There was a small boy in Bombay Who once from a hen ran away. When they said: `You're a baby,' He replied: `Well, I may be: But I don't like these hens of Bombay.'
This consoled me.
Without wanting to make too much of the incident, this was probably Rud's first experience of the consolations of literature. Less portentously, a pupil of Lockwood's, Pestonjee Bomanjee, recalled years afterwards how Rud would come into the room where they were modelling and would pelt the students with clay, before being forcibly removed by his father. Rud also remembered Pestonjee Bomanjee and preserved his name in the Just So story `How the Rhinoceros got his Skin'.
Near the Kiplings' bungalow rose the ominous Towers of Silence, on top of which dead bodies were exposed to the vultures. One day Alice found a child's hand in the garden. Rud, naturally curious, wanted to see the hand; Alice, naturally upset, told him not to ask questions. Already an adept at knowing whom to pump for necessary information, he found out from his ayah. When Rud developed whooping cough, however, Alice's imagination and good sense rose to the occasion. He had been prescribed an emetic to be taken before going to bed, and Alice devised a ritual whereby after the nightly dose she would choose an interesting storybook and begin to read. Rud would then raise his hand at the crucial moment as a sign for her to stop. Less dramatically, she wrote to a friend of how, after desperately coveting a donkey, Rud had come to her saying, `Never mind of that donkey. I've seen a little white horse' and had gone on to tell her exactly how few rupees it would cost. Alice was particularly struck by her four-year-old son's unusual description of the horse as looking `rather like a bicycle'.
It is not known exactly when Lockwood and Alice decided that Rud and Trix should be sent to live in England. Why they chose to do so would not have surprised any of their fellow Anglo-Indians; in fact, the reason would have seemed too obvious to mention. If an explanation had to be given, it was usually that, at a certain age, white children became particularly susceptible to the rigours of the Indian climate. This, however, was a convenient euphemism, a broad-spectrum rationale, masking other concerns — since, medically, there was no reason why children of five and three, like Rud and Trix, should have been more at risk from the climate than children even younger.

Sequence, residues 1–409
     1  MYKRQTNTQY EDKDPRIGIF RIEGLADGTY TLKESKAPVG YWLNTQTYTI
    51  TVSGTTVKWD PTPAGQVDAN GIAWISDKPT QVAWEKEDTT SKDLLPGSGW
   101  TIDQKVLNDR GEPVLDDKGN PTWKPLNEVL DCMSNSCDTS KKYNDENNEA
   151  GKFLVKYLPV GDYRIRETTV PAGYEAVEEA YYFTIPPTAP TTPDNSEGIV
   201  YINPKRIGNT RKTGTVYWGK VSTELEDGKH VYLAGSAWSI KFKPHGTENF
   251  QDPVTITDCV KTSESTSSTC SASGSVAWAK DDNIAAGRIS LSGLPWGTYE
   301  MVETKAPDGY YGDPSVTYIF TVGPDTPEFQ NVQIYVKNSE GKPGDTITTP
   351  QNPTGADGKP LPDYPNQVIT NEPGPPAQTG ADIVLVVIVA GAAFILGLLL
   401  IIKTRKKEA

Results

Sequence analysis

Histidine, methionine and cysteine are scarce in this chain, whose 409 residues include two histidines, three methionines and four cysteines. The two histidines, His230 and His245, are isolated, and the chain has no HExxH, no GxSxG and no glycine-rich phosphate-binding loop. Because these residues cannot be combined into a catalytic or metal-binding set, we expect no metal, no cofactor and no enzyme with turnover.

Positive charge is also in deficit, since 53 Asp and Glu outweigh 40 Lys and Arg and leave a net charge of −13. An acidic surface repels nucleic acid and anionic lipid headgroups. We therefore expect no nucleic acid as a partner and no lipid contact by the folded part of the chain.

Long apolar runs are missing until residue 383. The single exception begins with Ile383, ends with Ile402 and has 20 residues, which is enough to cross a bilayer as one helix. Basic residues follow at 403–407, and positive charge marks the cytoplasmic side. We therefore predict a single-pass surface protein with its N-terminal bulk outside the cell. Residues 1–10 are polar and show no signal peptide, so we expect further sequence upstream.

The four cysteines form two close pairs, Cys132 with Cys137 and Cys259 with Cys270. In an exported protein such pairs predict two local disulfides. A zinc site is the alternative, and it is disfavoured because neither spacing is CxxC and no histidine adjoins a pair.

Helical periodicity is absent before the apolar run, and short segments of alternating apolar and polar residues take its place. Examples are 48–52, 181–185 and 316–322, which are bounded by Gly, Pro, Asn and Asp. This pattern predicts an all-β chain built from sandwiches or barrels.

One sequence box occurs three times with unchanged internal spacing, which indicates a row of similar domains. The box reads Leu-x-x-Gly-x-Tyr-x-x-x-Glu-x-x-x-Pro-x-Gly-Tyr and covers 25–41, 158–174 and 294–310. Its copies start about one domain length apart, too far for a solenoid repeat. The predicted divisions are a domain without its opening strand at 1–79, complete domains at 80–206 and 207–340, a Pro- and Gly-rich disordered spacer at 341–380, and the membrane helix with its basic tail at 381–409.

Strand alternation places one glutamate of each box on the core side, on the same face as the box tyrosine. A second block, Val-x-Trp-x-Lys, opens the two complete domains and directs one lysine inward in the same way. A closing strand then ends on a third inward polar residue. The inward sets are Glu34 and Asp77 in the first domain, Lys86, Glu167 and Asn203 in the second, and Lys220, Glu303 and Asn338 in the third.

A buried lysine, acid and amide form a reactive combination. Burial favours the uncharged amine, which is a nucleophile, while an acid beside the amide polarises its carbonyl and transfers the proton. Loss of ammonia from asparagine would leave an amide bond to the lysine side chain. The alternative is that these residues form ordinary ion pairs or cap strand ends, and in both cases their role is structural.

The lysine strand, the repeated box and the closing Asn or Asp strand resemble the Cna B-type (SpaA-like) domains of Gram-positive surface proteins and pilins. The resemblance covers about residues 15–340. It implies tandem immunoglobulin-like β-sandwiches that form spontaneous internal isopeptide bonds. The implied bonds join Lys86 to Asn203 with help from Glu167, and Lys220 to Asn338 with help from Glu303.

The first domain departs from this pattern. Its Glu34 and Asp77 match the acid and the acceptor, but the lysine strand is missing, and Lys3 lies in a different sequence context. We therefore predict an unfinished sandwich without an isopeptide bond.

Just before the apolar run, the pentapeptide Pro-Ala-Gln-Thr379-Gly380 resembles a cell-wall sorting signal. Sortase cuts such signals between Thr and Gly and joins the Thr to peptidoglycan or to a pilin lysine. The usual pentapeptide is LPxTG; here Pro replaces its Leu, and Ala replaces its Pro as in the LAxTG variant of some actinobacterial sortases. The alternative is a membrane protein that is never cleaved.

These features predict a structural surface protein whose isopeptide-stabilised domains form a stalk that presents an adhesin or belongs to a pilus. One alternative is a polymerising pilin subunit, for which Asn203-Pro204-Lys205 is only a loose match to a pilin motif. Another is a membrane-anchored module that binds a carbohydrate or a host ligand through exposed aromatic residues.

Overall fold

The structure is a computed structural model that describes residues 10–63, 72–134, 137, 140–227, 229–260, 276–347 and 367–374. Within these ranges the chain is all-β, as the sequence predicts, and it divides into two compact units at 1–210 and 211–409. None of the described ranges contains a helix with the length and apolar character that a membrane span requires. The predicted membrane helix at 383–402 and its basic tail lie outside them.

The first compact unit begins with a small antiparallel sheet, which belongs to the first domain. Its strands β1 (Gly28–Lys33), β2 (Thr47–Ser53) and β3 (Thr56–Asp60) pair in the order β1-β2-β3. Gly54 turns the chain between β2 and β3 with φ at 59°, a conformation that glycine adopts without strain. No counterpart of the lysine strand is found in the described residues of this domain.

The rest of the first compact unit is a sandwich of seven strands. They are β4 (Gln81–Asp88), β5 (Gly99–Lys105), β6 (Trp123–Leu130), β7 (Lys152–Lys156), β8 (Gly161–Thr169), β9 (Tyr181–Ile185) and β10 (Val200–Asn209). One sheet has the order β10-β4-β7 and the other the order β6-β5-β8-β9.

What were those other concerns? Two at least seem straightforward enough. Anglo-Indians did not want their children to grow up thinking of India as home: home, or `Home' as they usually referred to it, was England. Nor did they want their children to acquire sing-song, chi-chi accents, the almost inevitable consequence of prolonged exposure to the servants' English. In addition, there were less obvious anxieties, again involving the influence of the servants. Maud Driver in her 1909 book The Englishwoman in India was one of the first publicly to express these less mentionable fears. According to her, it was necessary to send Anglo-Indian children `Home' in order to remove them from `the promiscuous intimacy of the Indian servants, whose propensity to worship at the shrine of the Baba-log [the children] is unhappily apt to demoralise the small gods and goddesses they serve'.
In other words, while Anglo-Indian parents were happy enough for their children, when very young, to be cosseted and worshipped by the servants, they did not want them to grow up unmanageable and, in the case of their sons, unmanly. And, strictly in its own terms, such an attitude makes sense. There is plenty of evidence, not least among Kipling's stories, to support the idea that the little sahibs were often extremely indulged and tyrannical. In his own case, his sister Trix remembered how the servants used to treat him as one of themselves, calling him (as he was later to call his character Kim) `Little Friend of all the world'. She added that he was also `rather noisy and spoilt'. More obliquely, Maud Driver also hinted at something more problematic than simple over-indulgence. Her phrase `promiscuous intimacy' suggests that the real demoralisation she had in mind was of a sexual nature: that, through such close and extended contact with the servants, white children ran the risk, at an early age, of finding out about the facts of life and of knowing more than was good for them. Kipling's own testimony bears this out, and he certainly came to feel that in India `it was inexpedient and dangerous for a white child to be reared through youth'.